As a machinist I have machined many different alloys of aluminum and steel and have yet to see an aluminum alloy that is harder then any of the steels I have cut. All of the titanium I have worked with is harder to machine then soft steel but it is actually softer (will dent easier).I think the manufacturers are not trying all that hard to be honest. Stuff that is light, wears out fast and costs alot makes these companies lots of money. There are Ti and aluminum alloys that are harder than the steel they are making cogs out of now. Maybe the cost is prohibitive, but it could be done. There are some car engine blocks made of aluminum alloy that last as long as cast iron blocks, for example. Such material may be too brittle for cogs, but there literally hundreds of alloys available to manufacturers.
Does anyone know if the steel cogs are heat treated?
D'oh?Originally Posted by dooley
???Originally Posted by sydney
Pretty much all steel is heat treated. If you're talking about how hard it is, I'm no expert, but I would venture to say that the cogs are on the upper end of the hardness spectrum. They don't have to be especially tough, so there's no reason not to harden them...Originally Posted by Coda1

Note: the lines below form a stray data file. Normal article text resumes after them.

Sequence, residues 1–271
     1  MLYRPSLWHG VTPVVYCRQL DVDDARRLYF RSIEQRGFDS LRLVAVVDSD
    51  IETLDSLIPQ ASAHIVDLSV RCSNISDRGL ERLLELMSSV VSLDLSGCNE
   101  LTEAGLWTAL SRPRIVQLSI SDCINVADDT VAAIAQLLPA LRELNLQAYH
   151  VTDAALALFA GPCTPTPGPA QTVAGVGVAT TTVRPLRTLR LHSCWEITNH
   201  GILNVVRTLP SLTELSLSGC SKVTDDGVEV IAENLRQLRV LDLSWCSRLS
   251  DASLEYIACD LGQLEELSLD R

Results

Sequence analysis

Not really.Originally Posted by ivan_yulaev
What???Originally Posted by ivan_yulaev
True, but some don't. I believe some manufacturers use an alloy with alot of silica in it.Originally Posted by dooley
Originally Posted by Coda1
I would think they would be, but I have no idea. It would be really simple and cheap to case harden them by quenching in oil or water, so I would expect that they are. Anyone have access to a brinnel hardness tester? I'd be currious to know how hard steel cogs are.
Nope. AFWIW, case hardening isn't a simple oil or water quench.Originally Posted by darkmother
If you want something that wears fast, go buy a dura ace cassette.
I am not a materials expert, but my basic understanding is: titanium alloy is stronger than steel; pure titanium probably is not as strong as steel; titanium alloy is a lot harder to machine because it is so tough (and that is why it is more expensive); pure titanium is a lot easier to work with but is not used very much; and, you probably do not have to worry about excessive wear of titanium cogs unless you start to see sparks flying from your freewheel.